Agronomic and Nitrate Leaching Impacts of Pelletized versus Granular Urea
Shah, Sanjay Bikram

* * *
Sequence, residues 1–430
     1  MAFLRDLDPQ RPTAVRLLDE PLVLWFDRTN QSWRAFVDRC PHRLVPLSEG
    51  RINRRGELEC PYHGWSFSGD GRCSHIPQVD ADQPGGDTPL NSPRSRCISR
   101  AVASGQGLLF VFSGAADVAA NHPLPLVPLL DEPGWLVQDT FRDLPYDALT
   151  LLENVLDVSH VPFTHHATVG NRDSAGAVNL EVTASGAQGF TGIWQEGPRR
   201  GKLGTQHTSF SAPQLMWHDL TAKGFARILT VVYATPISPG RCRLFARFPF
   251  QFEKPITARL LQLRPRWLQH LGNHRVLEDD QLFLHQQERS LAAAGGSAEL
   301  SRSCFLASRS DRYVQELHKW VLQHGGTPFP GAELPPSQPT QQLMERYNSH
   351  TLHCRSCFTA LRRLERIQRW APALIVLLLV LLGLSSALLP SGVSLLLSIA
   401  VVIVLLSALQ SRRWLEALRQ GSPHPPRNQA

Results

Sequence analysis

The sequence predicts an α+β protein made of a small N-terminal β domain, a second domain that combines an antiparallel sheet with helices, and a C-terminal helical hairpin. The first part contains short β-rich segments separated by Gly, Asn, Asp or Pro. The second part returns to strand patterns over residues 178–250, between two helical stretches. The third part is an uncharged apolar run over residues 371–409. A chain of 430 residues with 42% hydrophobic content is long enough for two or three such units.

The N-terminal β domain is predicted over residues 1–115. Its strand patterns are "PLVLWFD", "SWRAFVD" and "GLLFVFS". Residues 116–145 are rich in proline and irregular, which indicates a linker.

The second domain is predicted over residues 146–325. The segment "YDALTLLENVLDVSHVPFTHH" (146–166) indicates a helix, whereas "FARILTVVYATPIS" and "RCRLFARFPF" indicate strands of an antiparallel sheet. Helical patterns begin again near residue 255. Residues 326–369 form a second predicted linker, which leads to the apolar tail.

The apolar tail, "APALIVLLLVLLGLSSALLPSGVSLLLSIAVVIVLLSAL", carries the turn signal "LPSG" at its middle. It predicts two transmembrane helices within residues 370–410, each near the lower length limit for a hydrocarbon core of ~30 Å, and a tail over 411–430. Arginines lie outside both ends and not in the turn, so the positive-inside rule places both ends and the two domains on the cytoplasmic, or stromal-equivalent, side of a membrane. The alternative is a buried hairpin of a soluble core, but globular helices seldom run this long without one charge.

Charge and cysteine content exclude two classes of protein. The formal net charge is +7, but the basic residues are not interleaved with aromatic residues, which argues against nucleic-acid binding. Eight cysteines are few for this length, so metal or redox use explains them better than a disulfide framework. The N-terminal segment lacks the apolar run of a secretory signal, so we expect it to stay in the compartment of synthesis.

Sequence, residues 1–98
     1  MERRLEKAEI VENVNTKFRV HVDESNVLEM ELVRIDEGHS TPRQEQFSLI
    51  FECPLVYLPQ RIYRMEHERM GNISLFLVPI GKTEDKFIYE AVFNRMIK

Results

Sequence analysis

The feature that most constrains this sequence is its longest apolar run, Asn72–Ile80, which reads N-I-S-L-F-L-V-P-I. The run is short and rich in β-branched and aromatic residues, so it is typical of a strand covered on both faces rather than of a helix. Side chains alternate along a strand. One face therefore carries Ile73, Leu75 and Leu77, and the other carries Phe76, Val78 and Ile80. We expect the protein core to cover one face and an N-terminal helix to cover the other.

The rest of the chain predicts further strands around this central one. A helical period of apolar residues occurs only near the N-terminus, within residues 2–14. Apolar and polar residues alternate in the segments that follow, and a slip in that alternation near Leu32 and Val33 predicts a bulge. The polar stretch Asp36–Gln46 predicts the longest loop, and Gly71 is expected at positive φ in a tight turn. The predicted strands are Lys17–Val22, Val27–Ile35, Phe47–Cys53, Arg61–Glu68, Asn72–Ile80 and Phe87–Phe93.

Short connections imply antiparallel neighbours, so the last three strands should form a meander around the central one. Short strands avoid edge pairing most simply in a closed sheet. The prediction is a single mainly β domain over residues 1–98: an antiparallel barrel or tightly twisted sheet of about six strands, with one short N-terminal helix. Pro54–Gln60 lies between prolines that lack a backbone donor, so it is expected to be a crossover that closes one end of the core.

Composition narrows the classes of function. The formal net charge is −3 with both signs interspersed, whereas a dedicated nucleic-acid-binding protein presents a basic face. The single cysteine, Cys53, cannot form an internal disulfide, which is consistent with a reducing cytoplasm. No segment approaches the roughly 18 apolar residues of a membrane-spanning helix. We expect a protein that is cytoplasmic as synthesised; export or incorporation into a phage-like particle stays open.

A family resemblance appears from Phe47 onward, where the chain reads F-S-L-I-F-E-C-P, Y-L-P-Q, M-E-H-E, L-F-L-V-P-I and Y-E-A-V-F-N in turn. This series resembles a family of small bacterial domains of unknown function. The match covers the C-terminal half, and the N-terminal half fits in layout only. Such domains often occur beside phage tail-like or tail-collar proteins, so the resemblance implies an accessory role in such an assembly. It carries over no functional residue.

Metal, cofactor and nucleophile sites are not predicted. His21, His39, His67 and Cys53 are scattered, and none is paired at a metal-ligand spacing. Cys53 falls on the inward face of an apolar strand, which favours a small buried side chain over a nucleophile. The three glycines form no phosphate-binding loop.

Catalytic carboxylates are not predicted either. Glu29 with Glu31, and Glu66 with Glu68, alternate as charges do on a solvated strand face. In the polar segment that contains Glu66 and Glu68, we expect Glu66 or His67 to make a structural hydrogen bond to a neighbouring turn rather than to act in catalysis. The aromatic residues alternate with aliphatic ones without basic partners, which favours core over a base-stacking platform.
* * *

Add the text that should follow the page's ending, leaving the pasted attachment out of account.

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Agronomic and water quality impacts of urea particle size were evaluated through field and laboratory experiments and mathematical modeling. In a two-year field study, corn silage yield, corn nitrogen (N) removal, and nitrate-N (NO₃⁻-N) leaching from urea pellets (1.5 g each) and granules (0.01-0.02 g each) applied at 184 kg-N/ha were compared. A control treatment (no N) and two other N application rates (110 and 258 kg-N/ha) were also included. Urea particle size impact on dissolution rate, dissolved urea movement, mineralization, and N0³-N leaching were evaluated in the laboratory. A two-dimensional (2-D) mathematical model was developed to simulate the fate of subsurface-banded urea and its transformation products, ammonium (NH₄⁺)and NO₃⁻. With 184 kg-N/ha, corn silage yield was 15% higher (p = 0.02) and corn N removal was 19% higher (p = 0.07) with pellets than granules in the second year of the field study. In the absence of yield response at 110 kg-N/ha, reason for higher yield at 184 kg-N/ha with pellets was unclear. Greater N removal reduced NO₃⁻-N leaching potential from pellets compared to granules during the over-winter period. No urea form response to yield or corn N removal was observed in the first year. In 23 of 27 sampling events, granules had higher NO₃⁻-N concentration in the root zone than pellets, with average nitrate-N concentrations of 2.6 and 2.2 mg-N/L, respectively. However, statistically, NO₃⁻-N leaching from the root zone was unaffected by urea form, probably due to high variability within treatments masking the treatment effects. In October 1997, pellets retained 16% more (p = 0.04) inorganic-N in the top half of the root zone than granules, due to slower nitrification in pellets as was determined in the mineralization study. Slower NO₃⁻-N leaching allowed for greater N extraction by plants. Pellets had lower dissolution, urea hydrolysis, and nitrification rates than granules; however, nitrification inhibition was the dominant mechanism controlling N fate. The model took into account high substrate concentration effects on N transformations, important for simulating the fate of band-applied N. The model exhibited good mass conservative properties, robustness, and expected moisture and N distribution profiles. Differences in measured field data and model outputs were likely due to uncertainties and errors in measured data and input parameters. Model calibration results indicated that moisture-related parameters greatly affected N fate simulation. Sensitivity analyses indicated the importance of nitrification-related parameters in N simulation, particularly, their possible multiplicative effects. Need for extensive model testing and validation was recognized. The validated 2-D N model could be incorporated into a management model for better management of subsurface-banded granular N. However, the 2-D model is not appropriate for simulating the three dimensional N movement from pellets.
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